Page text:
Bayswater United possibly made the biggest drop from grace. Twice runners up in the league competition, they just managed to stay in eighth position to qualify for the 1974 Ampol night series. Apart from an early fifth placing they never got themselves away from the dangerous relegation zone. The loss of Davies to Ascot must have priority in the reasons for their collapse. And yet they beat Windmills and then Azzurri twice in their meagre five victories. So the skill was there, but apparently not the total dedication.
Olympic-Kingsway for half the season looked a prime contender for championship honors, but in the final analysis couldn't find the points. In fact they were lucky that they had got nine early points, otherwise they would surely have battled with Stirling for relegation. In their last 12 matches, Olympic managed only one point from a 2-2 draw with Ascot on their own ground at the Kingsway Reserve.
Finally we are left with Stirling City who right from the start filled tenth position, a rung of the league ladder from which they never escaped. With the new rule restricting relegation to only one club, Stirling always looked the prime candidate. Even a mid-season desperate bid to stave off the inevitable by sending coach Frank Schaper to Sydney to pick up two class players in Ernie Hannigen and Peter Clarke failed to halt the downward trend. The one consolation came with the success of utility player Ken Hordell in winning the Rothmans Gold medal for the season's fairest and best player.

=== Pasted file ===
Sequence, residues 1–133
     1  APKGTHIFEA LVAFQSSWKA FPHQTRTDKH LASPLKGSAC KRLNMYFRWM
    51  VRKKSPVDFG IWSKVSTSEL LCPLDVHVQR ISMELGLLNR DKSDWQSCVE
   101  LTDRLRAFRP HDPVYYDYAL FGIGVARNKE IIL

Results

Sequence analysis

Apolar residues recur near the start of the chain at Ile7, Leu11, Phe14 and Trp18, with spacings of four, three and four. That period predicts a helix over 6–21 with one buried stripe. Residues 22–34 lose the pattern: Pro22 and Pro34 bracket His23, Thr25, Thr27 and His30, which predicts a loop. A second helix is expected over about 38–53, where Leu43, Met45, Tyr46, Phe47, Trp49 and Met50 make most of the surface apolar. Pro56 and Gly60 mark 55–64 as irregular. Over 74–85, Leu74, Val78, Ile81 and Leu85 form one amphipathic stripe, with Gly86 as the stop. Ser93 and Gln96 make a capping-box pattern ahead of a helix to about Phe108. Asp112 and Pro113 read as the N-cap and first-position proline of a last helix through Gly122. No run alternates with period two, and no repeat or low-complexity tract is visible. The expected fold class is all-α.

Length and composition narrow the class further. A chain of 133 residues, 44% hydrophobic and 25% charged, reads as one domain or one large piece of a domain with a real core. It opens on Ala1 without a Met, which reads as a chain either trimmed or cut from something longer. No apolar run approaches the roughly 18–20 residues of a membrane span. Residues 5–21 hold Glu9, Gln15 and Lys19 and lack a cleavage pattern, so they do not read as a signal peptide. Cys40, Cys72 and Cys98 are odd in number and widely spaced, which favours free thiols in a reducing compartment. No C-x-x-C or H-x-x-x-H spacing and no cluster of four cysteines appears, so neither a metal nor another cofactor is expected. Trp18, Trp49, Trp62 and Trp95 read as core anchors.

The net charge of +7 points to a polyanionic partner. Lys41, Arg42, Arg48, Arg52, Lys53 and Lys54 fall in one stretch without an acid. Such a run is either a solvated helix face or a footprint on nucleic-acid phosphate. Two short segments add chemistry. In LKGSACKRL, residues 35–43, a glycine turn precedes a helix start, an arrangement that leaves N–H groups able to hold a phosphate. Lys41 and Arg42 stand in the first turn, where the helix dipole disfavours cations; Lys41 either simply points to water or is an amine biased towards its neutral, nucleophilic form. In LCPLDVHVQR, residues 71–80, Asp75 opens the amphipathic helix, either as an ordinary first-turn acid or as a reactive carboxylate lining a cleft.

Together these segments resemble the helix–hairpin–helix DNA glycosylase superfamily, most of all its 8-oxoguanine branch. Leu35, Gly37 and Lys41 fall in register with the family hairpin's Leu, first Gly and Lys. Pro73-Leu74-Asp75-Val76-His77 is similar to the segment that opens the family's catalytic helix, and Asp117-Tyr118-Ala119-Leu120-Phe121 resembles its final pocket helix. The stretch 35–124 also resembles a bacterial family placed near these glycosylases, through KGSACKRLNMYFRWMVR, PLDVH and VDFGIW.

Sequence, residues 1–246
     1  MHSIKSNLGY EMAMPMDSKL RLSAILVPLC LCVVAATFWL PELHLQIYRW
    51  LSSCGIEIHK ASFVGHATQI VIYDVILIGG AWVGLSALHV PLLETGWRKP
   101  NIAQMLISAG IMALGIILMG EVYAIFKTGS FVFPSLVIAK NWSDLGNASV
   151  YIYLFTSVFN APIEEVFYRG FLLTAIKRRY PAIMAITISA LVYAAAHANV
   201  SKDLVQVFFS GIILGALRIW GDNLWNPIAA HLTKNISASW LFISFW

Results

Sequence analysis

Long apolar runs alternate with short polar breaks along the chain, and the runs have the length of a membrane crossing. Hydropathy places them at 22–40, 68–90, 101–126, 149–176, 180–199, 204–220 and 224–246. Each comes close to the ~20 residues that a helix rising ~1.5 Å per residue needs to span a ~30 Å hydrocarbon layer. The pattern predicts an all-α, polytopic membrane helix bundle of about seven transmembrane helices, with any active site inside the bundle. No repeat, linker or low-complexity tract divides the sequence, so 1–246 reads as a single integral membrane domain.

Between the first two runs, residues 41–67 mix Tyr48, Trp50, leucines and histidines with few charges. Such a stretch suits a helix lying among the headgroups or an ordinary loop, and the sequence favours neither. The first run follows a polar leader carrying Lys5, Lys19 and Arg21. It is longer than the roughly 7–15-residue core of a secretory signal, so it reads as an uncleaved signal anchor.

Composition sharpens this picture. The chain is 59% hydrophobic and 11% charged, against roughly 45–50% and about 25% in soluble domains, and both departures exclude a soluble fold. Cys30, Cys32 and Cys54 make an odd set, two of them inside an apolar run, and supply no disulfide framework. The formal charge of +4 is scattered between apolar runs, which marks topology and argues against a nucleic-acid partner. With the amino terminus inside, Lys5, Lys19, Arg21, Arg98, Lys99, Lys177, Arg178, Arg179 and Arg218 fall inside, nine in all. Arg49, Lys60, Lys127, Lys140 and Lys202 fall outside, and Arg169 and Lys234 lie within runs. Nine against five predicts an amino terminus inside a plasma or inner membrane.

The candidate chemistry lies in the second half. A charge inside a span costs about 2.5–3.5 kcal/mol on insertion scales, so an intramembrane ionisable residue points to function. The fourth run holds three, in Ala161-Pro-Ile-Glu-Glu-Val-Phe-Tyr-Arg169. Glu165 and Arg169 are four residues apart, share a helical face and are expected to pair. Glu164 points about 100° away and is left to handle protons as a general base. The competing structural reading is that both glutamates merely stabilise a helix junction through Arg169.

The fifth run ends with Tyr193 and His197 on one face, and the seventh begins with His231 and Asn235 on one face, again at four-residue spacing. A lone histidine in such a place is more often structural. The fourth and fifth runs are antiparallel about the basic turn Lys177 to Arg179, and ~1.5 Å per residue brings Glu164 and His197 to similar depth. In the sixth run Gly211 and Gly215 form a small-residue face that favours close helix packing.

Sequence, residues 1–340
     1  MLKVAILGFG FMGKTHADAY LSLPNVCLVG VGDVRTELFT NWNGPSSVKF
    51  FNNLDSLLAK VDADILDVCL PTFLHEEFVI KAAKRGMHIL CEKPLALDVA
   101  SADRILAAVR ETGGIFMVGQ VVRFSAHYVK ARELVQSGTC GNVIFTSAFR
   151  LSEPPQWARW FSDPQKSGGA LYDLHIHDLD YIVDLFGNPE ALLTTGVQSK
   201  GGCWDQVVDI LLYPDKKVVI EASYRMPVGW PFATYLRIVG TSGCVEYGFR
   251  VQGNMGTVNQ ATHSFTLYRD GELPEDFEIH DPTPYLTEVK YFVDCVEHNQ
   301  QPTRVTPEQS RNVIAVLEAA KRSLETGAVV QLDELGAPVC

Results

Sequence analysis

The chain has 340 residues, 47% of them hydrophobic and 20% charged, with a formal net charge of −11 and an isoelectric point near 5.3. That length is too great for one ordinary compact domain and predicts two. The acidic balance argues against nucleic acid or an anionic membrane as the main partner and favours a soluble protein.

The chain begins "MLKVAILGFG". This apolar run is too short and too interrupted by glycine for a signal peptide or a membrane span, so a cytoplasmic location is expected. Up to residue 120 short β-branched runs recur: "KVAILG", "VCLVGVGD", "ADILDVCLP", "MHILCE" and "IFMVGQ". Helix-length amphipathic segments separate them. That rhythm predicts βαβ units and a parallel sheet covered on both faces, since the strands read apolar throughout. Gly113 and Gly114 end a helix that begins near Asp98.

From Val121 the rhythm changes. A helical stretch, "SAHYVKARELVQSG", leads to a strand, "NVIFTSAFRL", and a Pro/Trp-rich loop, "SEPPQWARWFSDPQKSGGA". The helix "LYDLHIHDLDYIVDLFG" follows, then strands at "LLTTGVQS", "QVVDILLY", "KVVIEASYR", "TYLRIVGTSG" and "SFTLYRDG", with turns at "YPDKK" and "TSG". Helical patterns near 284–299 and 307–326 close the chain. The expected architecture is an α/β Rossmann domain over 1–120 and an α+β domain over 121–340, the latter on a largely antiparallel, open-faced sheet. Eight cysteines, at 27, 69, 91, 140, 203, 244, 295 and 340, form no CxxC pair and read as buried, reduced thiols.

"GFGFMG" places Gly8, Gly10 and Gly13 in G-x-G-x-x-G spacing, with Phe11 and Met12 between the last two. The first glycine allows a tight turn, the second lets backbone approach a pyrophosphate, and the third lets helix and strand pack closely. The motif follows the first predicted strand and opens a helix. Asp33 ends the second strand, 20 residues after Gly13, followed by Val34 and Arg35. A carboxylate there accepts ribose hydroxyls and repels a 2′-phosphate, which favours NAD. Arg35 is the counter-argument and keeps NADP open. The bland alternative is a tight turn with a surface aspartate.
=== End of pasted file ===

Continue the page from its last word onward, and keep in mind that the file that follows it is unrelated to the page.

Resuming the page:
The 1973 season saw a big improvement in many of the individual skills, with a greater amount of thought going into each game. However, there was a tendency towards negative tactics with a concentration on prevention to restrict scoring, while goalscoring was of secondary consideration. Consequently the winning sides goal tally was drastically down on 1972, when Tricolore recorded 63 goals while conceding only 29. This compares with Windmills 40 goals for and 31 against. The top goalscoring side in 1973 was Azzurri with 44 goals compared with Azzurri's top record of 76 in 1972. Windmills winning tally of 24 points would not have been good enough to qualify them for the top four in 1972. Still it was a vintage year in almost every way, and there is every indication that 1974 will continue to be tough for every club with ultimate victory likely to be decided in the final round.
The second division became a two-team race long before the season ended, but it was not till the second last match that Floreat Athena clinched the title. Athena's closest rival all through the competition was Croatia-North Perth, and these two met in the penultimate game of the competition with Athena holding a two point lead. However, Croatia's goal average was superior, and victory to them would have given them the lead and a good chance to snatch promotion. But two goals in'the final few minutes of play gave Athena two points, an unbeatable lead on the league table and promotion to the first division.
The third division, where the first two teams earned promotion, Rockingham United pipped Queens Park by one point in the last round of the season to record 23 points. Dropping to the third division will be Swan Valley and Subiaco City, who in 1972 were still competing in the first division.